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Opinion

US colleges need affirmative action for conservative professors

As a devout Democrat, I can't believe I'm saying this, but Bill O’Reilly is right. Universities should institute affirmative action for conservative professors, so all the professors aren't overwhelmingly liberal, as the recent national elections confirmed.

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That’s exactly right. And it’s also why we need more right-leaning professors, who would accelerate the intellectual variation that Bakke imagined. Race-based affirmative action has made our universities much more interesting and truly educational places, adding a range of voices and experiences that hadn’t been heard before. Hiring more conservative faculty would do the same thing.

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Have right-wingers suffered historic discrimination like ethnic and racial minorities? Of course not. But the Bakke decision explicitly rejected prior discrimination as a rationale for affirmative action. By compensating minorities for the sins of our past, the Court warned, we would cause “innocent persons” – that is, members of the white majority – “to bear the burdens of redressing grievances not of their making.”

Indeed, it's not even clear that “discrimination” against conservative professors exists today. As surveys of undergraduates have confirmed, conservative students are about half as likely as their liberal peers to express interest in an academic career.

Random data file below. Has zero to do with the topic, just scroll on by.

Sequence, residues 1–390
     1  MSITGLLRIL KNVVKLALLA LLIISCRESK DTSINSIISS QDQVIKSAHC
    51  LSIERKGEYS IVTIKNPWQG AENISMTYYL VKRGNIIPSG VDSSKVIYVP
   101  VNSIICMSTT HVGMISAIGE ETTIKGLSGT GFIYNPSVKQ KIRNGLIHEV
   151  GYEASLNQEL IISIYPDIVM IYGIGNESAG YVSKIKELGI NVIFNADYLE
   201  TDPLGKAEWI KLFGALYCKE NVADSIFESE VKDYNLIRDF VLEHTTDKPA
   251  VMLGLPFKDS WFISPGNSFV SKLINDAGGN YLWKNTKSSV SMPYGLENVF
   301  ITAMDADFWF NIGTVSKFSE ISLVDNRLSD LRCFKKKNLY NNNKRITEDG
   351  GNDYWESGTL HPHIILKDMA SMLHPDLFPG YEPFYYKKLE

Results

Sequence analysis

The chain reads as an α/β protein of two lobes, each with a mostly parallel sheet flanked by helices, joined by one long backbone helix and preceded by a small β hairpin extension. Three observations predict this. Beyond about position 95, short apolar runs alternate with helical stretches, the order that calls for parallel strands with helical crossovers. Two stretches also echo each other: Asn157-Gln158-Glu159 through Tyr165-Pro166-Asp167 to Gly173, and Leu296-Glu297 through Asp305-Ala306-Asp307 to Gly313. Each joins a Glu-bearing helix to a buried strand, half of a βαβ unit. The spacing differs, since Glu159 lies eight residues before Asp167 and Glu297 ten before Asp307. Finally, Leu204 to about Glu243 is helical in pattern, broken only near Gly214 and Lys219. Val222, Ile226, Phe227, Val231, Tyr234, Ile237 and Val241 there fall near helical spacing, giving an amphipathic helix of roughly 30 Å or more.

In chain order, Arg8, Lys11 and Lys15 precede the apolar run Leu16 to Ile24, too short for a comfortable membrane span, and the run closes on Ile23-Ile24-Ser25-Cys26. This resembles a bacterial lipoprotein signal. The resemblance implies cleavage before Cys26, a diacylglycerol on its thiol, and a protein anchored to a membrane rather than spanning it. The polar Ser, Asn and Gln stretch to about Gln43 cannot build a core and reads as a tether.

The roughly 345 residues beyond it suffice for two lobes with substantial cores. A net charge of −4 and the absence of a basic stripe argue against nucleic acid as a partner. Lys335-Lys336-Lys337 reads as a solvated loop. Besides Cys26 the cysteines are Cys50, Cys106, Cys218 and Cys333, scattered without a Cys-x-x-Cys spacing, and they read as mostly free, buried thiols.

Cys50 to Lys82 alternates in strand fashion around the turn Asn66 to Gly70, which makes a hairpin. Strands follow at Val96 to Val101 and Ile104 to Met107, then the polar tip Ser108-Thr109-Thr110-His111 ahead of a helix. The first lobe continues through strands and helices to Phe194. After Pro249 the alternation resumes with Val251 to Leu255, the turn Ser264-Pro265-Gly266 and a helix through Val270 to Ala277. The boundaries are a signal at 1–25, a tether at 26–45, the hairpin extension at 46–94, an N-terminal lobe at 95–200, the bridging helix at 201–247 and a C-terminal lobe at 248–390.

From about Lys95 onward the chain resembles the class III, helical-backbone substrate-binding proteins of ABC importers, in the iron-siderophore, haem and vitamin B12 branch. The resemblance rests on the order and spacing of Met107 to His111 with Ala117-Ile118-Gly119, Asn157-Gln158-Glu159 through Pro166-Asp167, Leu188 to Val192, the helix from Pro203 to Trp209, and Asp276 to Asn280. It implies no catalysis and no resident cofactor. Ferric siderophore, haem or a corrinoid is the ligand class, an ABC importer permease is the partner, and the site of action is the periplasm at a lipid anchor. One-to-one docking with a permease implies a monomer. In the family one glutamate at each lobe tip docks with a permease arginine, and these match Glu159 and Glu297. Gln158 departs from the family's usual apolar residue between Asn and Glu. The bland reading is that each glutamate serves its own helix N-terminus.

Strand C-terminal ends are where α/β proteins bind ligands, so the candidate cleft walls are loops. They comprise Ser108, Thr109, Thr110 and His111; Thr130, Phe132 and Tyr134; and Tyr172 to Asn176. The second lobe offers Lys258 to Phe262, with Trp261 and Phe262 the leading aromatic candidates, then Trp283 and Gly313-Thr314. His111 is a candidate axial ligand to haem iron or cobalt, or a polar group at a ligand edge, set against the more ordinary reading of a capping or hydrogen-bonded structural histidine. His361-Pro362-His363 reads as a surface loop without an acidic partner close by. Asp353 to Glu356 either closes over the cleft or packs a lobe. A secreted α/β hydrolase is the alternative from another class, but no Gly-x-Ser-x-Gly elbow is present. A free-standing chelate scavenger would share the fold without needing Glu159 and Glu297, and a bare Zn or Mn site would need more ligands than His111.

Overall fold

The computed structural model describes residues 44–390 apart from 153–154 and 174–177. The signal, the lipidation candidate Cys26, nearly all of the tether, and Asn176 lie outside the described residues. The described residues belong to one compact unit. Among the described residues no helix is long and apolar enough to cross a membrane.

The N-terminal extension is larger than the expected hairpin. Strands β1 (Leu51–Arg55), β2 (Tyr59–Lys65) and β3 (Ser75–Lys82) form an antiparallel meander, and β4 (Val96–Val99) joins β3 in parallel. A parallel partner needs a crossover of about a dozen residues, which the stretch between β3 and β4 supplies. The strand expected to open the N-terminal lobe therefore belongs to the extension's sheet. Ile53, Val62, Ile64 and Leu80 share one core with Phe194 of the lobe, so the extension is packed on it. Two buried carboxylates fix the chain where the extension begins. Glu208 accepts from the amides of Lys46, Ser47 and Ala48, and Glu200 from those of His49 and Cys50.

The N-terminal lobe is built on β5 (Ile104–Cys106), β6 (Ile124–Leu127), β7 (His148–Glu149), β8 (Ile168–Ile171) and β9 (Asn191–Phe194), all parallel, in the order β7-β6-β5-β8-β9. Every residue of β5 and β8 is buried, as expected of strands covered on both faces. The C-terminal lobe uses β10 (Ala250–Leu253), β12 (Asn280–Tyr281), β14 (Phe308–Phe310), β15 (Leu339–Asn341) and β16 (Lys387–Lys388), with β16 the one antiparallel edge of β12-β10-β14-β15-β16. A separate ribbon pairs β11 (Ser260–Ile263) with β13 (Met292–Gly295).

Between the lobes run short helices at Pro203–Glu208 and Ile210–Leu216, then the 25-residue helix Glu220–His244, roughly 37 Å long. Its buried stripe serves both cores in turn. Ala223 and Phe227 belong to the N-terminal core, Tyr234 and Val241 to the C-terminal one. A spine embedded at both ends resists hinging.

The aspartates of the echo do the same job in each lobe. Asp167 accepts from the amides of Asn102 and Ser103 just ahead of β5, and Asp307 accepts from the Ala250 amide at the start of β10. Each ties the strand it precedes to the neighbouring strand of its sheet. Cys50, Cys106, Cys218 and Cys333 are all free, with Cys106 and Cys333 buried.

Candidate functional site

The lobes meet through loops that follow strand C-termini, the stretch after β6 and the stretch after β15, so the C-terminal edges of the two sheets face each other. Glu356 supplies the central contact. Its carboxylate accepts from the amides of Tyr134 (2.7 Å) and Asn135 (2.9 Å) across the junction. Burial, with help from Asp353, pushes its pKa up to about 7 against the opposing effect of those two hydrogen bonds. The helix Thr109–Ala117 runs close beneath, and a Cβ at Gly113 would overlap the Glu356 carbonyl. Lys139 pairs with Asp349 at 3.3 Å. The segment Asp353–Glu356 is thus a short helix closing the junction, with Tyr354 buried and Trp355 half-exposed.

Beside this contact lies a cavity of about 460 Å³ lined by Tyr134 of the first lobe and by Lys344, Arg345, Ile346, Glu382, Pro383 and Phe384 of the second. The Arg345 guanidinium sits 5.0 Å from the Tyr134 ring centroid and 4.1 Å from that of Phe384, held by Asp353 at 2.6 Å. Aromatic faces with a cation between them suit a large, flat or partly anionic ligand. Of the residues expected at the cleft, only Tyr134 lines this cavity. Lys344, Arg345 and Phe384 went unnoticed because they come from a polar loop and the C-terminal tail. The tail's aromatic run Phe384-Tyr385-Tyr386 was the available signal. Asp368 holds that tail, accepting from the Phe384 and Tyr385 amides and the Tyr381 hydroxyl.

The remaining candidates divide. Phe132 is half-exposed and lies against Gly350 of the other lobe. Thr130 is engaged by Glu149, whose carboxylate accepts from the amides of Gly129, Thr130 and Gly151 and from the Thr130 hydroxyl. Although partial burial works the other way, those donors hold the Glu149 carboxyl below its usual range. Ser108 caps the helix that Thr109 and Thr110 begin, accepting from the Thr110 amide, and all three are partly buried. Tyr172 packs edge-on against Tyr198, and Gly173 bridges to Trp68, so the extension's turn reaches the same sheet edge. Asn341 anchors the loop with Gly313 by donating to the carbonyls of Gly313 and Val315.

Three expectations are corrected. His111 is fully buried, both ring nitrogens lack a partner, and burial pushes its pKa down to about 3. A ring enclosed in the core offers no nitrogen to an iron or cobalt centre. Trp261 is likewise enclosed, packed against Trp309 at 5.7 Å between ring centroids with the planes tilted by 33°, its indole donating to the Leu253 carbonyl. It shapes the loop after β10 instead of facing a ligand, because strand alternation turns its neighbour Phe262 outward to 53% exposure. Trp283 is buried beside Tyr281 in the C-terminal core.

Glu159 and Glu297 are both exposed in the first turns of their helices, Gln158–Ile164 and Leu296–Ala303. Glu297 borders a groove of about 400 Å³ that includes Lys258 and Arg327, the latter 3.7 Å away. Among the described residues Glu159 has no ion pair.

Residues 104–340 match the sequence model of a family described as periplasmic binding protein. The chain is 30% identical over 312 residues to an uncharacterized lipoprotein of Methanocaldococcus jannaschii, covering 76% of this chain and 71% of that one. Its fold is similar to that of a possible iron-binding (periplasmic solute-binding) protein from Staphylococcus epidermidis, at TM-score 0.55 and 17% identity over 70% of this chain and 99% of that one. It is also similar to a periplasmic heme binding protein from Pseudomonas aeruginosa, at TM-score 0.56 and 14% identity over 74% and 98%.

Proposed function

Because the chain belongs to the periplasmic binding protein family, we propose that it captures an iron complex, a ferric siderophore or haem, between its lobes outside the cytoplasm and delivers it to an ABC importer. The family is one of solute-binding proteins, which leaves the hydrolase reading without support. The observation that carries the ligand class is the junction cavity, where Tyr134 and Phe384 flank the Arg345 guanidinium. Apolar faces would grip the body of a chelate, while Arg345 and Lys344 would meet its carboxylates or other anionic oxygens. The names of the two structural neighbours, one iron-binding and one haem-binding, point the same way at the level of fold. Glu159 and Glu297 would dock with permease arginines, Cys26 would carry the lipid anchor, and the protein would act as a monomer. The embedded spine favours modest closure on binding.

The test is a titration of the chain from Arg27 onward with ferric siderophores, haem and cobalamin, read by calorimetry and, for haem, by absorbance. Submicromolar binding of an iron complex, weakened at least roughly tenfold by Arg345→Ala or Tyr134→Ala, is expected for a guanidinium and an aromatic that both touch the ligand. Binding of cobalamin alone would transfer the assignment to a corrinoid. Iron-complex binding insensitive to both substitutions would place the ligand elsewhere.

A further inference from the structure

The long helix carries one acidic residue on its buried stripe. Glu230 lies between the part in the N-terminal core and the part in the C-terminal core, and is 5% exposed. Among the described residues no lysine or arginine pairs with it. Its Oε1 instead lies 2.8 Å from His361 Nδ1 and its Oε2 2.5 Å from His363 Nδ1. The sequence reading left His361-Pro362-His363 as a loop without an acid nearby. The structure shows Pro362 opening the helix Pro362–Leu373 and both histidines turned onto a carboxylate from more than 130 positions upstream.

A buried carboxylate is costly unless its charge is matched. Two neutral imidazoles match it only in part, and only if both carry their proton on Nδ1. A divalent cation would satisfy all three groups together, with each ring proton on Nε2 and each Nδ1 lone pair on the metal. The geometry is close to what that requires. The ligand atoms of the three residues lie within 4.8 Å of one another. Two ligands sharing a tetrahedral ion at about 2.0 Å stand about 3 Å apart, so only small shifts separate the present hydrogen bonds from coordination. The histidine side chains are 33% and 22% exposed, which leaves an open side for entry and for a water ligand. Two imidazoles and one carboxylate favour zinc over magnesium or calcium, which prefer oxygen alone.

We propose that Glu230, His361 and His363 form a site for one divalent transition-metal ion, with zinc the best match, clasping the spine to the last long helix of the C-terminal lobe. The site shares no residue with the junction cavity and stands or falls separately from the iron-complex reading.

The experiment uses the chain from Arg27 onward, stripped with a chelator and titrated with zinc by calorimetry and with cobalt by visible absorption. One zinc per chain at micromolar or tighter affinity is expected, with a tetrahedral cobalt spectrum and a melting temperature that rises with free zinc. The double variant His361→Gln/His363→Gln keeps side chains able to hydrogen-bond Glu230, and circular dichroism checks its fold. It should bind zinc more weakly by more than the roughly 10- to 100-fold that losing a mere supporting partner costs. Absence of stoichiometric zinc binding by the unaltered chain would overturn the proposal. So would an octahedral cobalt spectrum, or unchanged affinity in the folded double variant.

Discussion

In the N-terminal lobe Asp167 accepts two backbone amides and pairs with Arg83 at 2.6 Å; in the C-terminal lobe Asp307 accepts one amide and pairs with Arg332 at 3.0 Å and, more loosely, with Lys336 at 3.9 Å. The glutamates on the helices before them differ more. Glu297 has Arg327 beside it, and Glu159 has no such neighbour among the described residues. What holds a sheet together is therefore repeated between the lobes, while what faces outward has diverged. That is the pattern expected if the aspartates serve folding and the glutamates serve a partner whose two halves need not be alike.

But that’s all the more reason we should try to expand this pool, just as we do with minority students. And the more conservative professors we manage to hire, the more likely it will be that other right-leaning students will follow them into the academic profession.

I am not suggesting schools should have any kind of numerical quota for conservative professors, which every department or institution would have to reach. The Bakke decision clearly outlawed such quotas. We should simply take political leanings into consideration, just as we do with racial background, when reviewing candidates for academic positions.

Finally, I don’t envision affirmative action for conservative professors continuing indefinitely; once we’ve achieved a better kind of ideological balance, I would want the program to end. And that’s precisely what the Supreme Court said about race-based affirmative action in Grutter v. Bollinger, its 2003 decision upholding Bakke.

“It has been 25 years since Justice Powell first approved the use of race to further an interest in student body diversity,” Justice Sandra Day O’Connor wrote. “We expect that 25 years from now, the use of racial preferences will no longer be necessary...”

I hold positions in two different academic departments, with a total of about 60 colleagues. As far as I know, not a single one of them is a Republican. The only way to change that imbalance, for the moment, is to actively and affirmatively seek out conservative faculty. And a quarter-century from now, I hope, we won’t have to.

Jonathan Zimmerman teaches history and education at New York University. He is the author of “Small Wonder: The Little Red Schoolhouse in History and Memory” (Yale University Press).

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